Executive Vice Chancellor Dallas Rabenstein has proposed a plan that would ask campus employees to take additional unpaid days off during the holiday break and in March.

The proposal is the latest in a series of steps the campus must take to respond to a one-year salary reduction plan approved by the UC Board of Regents on July 16.

The reduction is effective on Sept. 1.

Through the proposal the traditional holiday closure would be extended. The campus would close Dec. 19 and would reopen on Jan. 4. As in the past, Dec. 24, 25, 31 and Jan. 1 are paid university holidays. Six additional days (Dec. 21, 22, 23, 28, 29, and 30) are not paid holidays. Eligible employees would be encouraged to take these as furlough days.

The campus would also close on March 25, the Thursday of spring break. Cesar Chavez Day, a paid holiday, is observed on March 26, so the additional day would allow for a four-day weekend. Again, eligible employees would be encouraged to take this as a furlough day.

Based on feedback from both faculty and campus leadership, a closure of the entire campus is not proposed during the full week of spring break to allow faculty to submit grades for winter quarter. Other furlough days would be worked out between the employee and the supervisor.

During the past few weeks campus community members had the opportunity to comment on the proposal. Those comments are being reviewed. A decision will be made by mid-August about how to move forward, Rabenstein said.
The proposal came after much thought.

“Our campus leadership has been deliberating how best to implement the furlough plan,” Rabenstein said.

“We have concluded that the most effective implementation strategy is twofold: to close the campus by curtailing operations to only essential functions for a total of seven working days during the year and to use remaining furlough days in accordance with each unit’s operational needs,” he said.
Rabenstein noted that pay will be equalized over 12 months for employees participating in the furlough/salary reduction plan, so December paychecks will still look about the same as the other months.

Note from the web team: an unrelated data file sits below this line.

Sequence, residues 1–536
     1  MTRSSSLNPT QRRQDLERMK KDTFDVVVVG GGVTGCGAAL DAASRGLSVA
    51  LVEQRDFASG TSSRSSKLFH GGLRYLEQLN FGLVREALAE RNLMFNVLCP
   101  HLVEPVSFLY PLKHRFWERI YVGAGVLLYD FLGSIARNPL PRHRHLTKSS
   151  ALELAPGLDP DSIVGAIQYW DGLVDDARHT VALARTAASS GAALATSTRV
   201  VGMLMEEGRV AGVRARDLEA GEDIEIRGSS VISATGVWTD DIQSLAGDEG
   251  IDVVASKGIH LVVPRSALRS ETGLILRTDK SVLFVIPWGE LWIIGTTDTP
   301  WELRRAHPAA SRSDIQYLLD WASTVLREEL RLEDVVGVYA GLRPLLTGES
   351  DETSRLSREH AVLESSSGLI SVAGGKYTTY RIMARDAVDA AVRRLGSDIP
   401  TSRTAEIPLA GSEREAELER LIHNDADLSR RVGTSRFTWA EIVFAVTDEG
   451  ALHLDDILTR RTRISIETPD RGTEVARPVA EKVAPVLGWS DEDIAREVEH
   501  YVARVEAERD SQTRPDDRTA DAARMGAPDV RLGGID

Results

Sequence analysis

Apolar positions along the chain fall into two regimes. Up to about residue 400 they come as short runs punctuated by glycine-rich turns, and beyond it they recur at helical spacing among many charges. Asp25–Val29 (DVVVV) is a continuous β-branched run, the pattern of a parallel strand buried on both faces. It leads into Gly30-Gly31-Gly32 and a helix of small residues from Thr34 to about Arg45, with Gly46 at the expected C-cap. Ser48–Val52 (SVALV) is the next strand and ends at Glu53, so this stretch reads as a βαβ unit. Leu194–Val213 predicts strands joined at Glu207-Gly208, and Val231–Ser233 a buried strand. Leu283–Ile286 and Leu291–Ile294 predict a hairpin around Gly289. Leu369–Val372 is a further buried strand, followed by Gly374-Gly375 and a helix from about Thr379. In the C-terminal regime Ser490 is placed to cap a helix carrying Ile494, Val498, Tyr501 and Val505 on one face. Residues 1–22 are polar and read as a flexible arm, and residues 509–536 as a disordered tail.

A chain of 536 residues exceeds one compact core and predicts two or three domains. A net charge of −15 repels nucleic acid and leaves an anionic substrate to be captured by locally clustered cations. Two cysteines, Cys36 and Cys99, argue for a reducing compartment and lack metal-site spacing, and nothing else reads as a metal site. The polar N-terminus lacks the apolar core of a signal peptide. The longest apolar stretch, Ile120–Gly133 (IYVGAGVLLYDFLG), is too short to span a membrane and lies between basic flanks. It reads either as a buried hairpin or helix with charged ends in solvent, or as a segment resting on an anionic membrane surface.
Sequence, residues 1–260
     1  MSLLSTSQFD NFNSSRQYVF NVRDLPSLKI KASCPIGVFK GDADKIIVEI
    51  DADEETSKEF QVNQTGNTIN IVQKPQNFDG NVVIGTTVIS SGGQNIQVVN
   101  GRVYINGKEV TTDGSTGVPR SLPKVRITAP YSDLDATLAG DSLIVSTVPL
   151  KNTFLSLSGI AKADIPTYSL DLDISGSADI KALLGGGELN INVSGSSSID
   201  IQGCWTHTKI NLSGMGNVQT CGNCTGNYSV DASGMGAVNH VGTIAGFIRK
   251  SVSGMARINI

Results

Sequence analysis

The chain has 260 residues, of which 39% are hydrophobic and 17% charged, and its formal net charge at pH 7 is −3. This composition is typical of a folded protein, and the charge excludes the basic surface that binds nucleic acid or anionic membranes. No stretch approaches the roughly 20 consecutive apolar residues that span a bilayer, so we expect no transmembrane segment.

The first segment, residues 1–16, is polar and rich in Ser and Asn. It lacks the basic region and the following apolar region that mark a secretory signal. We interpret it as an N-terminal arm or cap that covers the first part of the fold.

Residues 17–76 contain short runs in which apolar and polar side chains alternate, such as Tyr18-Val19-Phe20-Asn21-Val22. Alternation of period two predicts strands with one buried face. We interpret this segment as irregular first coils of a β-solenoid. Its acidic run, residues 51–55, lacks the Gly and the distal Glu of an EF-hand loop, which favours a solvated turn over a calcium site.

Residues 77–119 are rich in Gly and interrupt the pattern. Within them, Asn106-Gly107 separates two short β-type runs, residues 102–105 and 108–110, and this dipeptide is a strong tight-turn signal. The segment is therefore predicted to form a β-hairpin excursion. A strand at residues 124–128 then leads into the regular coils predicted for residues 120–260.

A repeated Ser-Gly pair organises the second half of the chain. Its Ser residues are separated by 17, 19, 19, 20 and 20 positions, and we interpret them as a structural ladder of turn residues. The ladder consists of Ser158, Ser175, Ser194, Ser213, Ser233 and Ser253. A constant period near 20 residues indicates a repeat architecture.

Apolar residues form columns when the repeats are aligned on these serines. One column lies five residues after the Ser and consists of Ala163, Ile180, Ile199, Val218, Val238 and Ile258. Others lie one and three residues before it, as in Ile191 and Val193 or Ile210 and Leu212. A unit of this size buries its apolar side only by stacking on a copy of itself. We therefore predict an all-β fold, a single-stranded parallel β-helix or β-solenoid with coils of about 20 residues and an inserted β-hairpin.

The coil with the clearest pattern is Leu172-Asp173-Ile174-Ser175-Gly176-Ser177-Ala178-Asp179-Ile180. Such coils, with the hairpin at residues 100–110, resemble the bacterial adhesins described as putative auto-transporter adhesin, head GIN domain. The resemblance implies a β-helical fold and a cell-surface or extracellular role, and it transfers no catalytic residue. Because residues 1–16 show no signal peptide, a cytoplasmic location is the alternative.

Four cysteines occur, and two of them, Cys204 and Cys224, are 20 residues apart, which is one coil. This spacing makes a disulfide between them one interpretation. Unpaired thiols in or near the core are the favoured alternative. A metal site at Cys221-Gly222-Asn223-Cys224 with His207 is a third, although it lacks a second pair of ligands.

Employees not included in the furlough plan may choose to cover the non-paid days during the closure periods with accrued vacation, “comp” time or leave without pay. University policy allows new employees to use a limited number of vacation days in advance of earning them.

In instances where essential employees participating in the furlough program must work during the closure period, their furlough days may be taken throughout the remainder of the year with the approval of their supervisor or department chair.

The university is still negotiating with unions to determine whether the furlough/salary reduction plan will apply to represented staff.

Rabenstein said the following principles guided the plan:

    • Fairness/equity in applying to both faculty and staff across a broad spectrum of positions and salary scales
    • Maximum preservation of research, instructional and service missions
    • Simplicity/manageability for units
    • Savings to be realized through energy conservation and other measures

A letter from Rabenstein, along with questions and answers about the budget situation, are available at the UCR Budget News and Information.